AAC, New England Section. 1998 saw the beginning of a renewal of the Section as a more cohesive social entity and, perhaps in the future, a working entity as well. We have striven to gather the membership together more often than in the past and to field activities in more than one region of New England.
Our third Annual Dinner attracted 51 members and guests. Mark Synnott was guest speaker, and Henry Kendall assembled a remarkable exhibit of his “Climber’s Camera” mountain photographs. Bill Atkinson was voted Section Chair, replacing Barry Rugo, and Nancy Savickas Vice-Chair.
In April, A1 Stebbins, Eric Engberg and Fran Bennett went variously to Red Rocks (Nevada) and to Mount Lemmon, Queen Creek Canyon and side canyons of the Salt River-Cibeque Creek and Salome Jug (Arizona). Our June north country “Base Camp” attracted some 40 AAC and Appalachian Mountain Club climbers for an afternoon and evening at the North Conway grill and beer cooler of generous AAC board member Jim Ansara.
Mark Synnott joined a trip sponsored by the National Geographic Society to Baffin Island, where he took part in the first ascent of “Great Sail Peak” (see National Geographic, January 1999). Mark joined the NGS again in August to Iceland to explore volcanoes.
In the summer (after a crash healing regimen for Mark’s injured arm), Mark Richey and John Bouchard flew off to the Karakoram. There they made another attempt on Latok II (7108m), encountering dangerous conditions yet again. However, they were able to make the first ascent of an unnamed 6100-meter summit which they chose to call Harpoon Peak. Paul Dale and Bill Atkinson returned to Chamonix, where they ran into Yuki Fujita on Les Grands Charmoz and Bob Clark on the Aiguille de l’index at La Praz. Paul and Bill climbed Le Miroir d’Argentine at Villars in Switzerland, then traversed from Montenvers to the Torino hut via the Refuge du Requin with an attempt on the Dent du Geant. Yuki reports having climbed the Brenva Spur on Mont Blanc under heavy bombardment, as well as the Central Spur of the Aiguille du Midi, the Gervasutti Pillar on Mont Blanc du Tacul and the Grand Capucin by the Swiss route on the south face. In the fall, Rick Wilcox led a group into Nepal’s Mustagh Kingdom, a remote and seldom-visited comer of the world. Finally, our November “Camp I,” organized by Walt Hampton and Bob Clark in Connecticut, attracted a dozen or so climbers to top-rope and lead at Pinnacle Rock Ridge. Appropriately, since he discovered this crag years ago, Sam Streibert showed up to climb with A1 Rubin, our New England climbing historian, for the first time in many a moon. We repaired at day’s end to Steve Messina’s Prime Climb gym in Wallingford for dinner and slides.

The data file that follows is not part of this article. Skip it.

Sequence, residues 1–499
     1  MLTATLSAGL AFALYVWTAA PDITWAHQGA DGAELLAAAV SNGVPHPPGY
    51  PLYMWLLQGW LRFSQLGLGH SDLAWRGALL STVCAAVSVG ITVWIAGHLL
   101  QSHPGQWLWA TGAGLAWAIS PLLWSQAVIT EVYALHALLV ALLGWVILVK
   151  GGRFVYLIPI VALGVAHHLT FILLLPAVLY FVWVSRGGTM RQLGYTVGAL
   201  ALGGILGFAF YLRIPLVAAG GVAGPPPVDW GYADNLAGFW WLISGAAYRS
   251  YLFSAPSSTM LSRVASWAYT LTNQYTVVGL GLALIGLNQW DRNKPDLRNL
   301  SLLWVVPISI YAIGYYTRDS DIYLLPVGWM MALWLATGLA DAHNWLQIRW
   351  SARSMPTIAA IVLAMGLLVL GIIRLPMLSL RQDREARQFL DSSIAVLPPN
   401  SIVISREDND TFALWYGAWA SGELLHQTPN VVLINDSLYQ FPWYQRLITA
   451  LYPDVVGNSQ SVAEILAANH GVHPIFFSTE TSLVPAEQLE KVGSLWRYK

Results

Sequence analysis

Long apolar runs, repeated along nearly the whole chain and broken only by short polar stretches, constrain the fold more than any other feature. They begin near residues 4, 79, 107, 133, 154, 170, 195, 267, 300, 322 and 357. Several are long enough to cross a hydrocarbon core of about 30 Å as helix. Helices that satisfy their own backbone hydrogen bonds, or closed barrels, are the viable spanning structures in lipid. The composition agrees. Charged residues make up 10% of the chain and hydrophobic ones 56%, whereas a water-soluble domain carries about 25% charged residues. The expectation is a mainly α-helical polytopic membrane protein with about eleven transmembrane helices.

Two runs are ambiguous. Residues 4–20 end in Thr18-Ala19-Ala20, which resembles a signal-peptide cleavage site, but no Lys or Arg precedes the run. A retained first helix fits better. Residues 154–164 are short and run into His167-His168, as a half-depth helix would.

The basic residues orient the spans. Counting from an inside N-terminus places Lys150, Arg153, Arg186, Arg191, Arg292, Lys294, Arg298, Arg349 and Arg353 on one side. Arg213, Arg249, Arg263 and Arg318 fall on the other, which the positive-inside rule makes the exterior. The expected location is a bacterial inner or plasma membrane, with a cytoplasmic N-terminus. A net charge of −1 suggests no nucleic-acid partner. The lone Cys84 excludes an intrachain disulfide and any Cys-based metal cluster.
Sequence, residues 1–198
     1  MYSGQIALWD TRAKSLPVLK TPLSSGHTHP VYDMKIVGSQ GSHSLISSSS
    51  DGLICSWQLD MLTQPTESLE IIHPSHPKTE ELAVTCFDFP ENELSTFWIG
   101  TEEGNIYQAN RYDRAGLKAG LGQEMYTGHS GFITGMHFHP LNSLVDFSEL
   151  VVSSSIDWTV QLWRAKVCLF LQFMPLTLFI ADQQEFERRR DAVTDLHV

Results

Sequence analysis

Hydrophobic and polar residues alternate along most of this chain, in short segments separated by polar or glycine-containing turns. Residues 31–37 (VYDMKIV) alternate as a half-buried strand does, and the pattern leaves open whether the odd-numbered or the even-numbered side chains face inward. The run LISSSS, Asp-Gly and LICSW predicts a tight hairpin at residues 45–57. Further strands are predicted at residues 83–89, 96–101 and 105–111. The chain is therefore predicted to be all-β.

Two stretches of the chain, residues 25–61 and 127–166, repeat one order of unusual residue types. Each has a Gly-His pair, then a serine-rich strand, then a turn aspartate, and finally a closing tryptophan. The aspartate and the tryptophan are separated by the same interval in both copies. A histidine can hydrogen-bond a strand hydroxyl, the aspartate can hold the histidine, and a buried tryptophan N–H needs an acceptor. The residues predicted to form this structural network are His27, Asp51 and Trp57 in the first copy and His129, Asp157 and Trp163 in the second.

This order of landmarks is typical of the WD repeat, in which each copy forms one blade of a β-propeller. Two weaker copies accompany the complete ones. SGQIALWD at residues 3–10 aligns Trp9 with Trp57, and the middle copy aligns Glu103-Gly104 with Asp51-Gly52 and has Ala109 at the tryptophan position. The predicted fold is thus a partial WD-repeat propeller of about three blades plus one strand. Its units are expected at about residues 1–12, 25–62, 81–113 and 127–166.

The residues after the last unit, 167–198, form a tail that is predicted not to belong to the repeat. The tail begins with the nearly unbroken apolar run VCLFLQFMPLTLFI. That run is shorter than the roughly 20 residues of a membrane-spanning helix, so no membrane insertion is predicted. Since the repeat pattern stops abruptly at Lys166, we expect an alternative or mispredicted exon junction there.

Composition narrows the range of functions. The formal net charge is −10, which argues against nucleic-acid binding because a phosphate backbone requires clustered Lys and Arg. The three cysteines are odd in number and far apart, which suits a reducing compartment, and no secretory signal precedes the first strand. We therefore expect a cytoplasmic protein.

Bill Atkinson, Chair